Group 2 comprises 21 amendments. Amendments Nos. 10 to 28, inclusive, and amendments Nos. 34 and 36 refine what is now Part 3 of the Bill dealing with appeals against sea fishing boat licensing decisions. Amendment No. 10 specifically provides that ministerial directives to any appeals officer may require the sustainability of fishing to be considered in appeals cases. Details of all such directives and the reasons therefor must be laid before the Dáil and Seanad and published inIris Oifigiúil as soon as practicable after the directives are given, as required by amendment No. 12. Amendment No. 11 precludes ministerial involvement in groups of sea fishing boat licensing cases, as well as precluding ministerial involvement in individual such cases.
Amendment No. 13 ensures that the licence applicant or licence holder is a party to any appeal concerning that licence application or licence. Amendment No. 16 states clearly that licensing decisions may be appealed, namely decisions made one month after this Bill becomes law, and that licensing decisions are suspended while under appeal or until the appeal in question is withdrawn.
Amendments Nos. 19 and 21 inserted a new section in the Bill as passed by Seanad Éireann, now numbered sections 13 and 15, to keep appellants and licence applicants and licence holders in the documentary loop, with the right to comment on relevant documentation not originated by them. Amendment No. 23 requires the appeals officer to consider any such comments before determining the appeal in question. The consequential amendments Nos. 27 and 28 to what is now section 17 of the Bill extend the time limit for receipt of such comments by an appeals officer to the next day on which the office of the appeals office is open if the time limit otherwise expired on a day on which that office was closed.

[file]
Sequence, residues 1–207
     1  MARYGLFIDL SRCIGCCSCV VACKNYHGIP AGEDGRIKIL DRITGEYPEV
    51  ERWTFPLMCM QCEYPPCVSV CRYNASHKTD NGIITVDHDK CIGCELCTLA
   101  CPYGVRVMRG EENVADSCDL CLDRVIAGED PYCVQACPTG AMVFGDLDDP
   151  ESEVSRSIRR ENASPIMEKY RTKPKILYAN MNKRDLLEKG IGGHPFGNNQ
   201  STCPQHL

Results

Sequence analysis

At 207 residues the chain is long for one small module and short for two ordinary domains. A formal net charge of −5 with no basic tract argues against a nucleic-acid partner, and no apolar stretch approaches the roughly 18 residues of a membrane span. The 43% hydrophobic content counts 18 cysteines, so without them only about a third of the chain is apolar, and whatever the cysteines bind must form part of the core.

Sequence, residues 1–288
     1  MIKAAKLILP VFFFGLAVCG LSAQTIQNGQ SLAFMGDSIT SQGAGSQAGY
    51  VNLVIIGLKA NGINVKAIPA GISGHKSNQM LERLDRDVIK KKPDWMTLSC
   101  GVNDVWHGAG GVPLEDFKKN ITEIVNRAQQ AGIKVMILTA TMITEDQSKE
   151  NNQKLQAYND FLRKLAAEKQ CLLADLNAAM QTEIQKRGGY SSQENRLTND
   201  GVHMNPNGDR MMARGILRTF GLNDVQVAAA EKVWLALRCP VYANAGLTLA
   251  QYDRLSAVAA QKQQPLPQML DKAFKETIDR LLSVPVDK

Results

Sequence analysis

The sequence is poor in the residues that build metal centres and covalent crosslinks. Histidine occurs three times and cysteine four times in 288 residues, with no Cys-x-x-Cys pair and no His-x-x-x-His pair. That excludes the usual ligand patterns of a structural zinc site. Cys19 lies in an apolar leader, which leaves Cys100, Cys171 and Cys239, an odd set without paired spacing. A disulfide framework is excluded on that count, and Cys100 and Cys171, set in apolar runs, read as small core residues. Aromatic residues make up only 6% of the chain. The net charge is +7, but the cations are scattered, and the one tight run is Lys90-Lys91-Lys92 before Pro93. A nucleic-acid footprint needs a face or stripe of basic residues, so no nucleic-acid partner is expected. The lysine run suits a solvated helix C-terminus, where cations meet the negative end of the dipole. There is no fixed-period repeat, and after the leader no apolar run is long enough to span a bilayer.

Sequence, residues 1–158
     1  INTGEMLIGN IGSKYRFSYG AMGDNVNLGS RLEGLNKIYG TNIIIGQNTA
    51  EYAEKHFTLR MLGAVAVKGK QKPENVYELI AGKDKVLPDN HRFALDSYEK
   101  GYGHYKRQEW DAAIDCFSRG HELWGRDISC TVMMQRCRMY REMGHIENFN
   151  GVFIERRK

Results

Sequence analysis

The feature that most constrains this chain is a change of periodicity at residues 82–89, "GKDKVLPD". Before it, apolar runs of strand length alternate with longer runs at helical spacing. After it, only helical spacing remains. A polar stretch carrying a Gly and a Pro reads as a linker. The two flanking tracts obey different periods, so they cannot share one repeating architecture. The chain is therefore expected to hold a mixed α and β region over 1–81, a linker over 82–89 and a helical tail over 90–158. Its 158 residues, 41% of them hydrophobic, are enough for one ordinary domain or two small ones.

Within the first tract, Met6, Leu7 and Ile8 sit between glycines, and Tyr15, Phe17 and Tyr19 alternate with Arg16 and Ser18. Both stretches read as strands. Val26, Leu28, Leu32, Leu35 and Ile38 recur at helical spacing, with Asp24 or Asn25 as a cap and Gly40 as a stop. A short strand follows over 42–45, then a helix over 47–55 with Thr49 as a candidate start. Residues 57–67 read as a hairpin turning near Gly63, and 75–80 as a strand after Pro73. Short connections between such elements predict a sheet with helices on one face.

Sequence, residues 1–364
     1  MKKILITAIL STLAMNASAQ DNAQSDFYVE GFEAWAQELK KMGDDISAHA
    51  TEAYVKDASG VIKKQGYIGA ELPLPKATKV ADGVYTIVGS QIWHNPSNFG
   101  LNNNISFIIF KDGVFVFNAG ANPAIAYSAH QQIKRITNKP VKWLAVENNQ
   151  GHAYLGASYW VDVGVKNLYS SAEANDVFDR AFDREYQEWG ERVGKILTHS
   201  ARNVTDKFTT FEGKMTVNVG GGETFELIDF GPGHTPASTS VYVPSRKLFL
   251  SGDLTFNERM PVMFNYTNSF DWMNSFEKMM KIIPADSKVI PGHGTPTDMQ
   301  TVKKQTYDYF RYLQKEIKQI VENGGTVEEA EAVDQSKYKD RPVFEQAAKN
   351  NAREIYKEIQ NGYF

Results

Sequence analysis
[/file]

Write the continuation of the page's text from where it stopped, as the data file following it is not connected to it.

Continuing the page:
Amendment No. 34 deleted the age limit for an appeals officer, while amendment No. 36 specifically provided for indemnity in court proceedings for any appeals officer in respect of any acts done in good faith as an appeals officer. Both of these were proposed by Deputy Broughan. The remaining nine amendments, Nos. 14, 15, 17, 18, 20, 22, 24, 25 and 26, are self-explanatory drafting amendments.
Group 3, comprising four amendments, inserted a new Part 5 in the Bill as passed by Seanad Éireann, to enable foreshore application and other fees to be charged under the Foreshore Acts and made consequential amendments to other provisions of the Bill. The main amendment is amendment No. 33. Amendment No. 27 to the Long Title and amendments Nos. 1 and 2, which are technical referencing provisions for related Acts and provisions of Acts, are consequential on amendment No. 33. Amendment No. 27 is consequential also on amendments Nos. 7, 8 and 9, already referred to. If any Senator requires any further information on any of the 37 amendments made to the Bill by Dáil Éireann, I will be glad to oblige.
Agreement by this House to the package of amendments just described will result in significant improvements being made by both Houses of the Oireachtas to the key provisions of the Bill relating to the establishmebnt of an overdue independent statutory appeals process for sea fishing boat licensing and to providing greater transparency in sea fishing boat licensing, as promised in the current programme for Government. The sea fishing industry has sought such reforms for some time.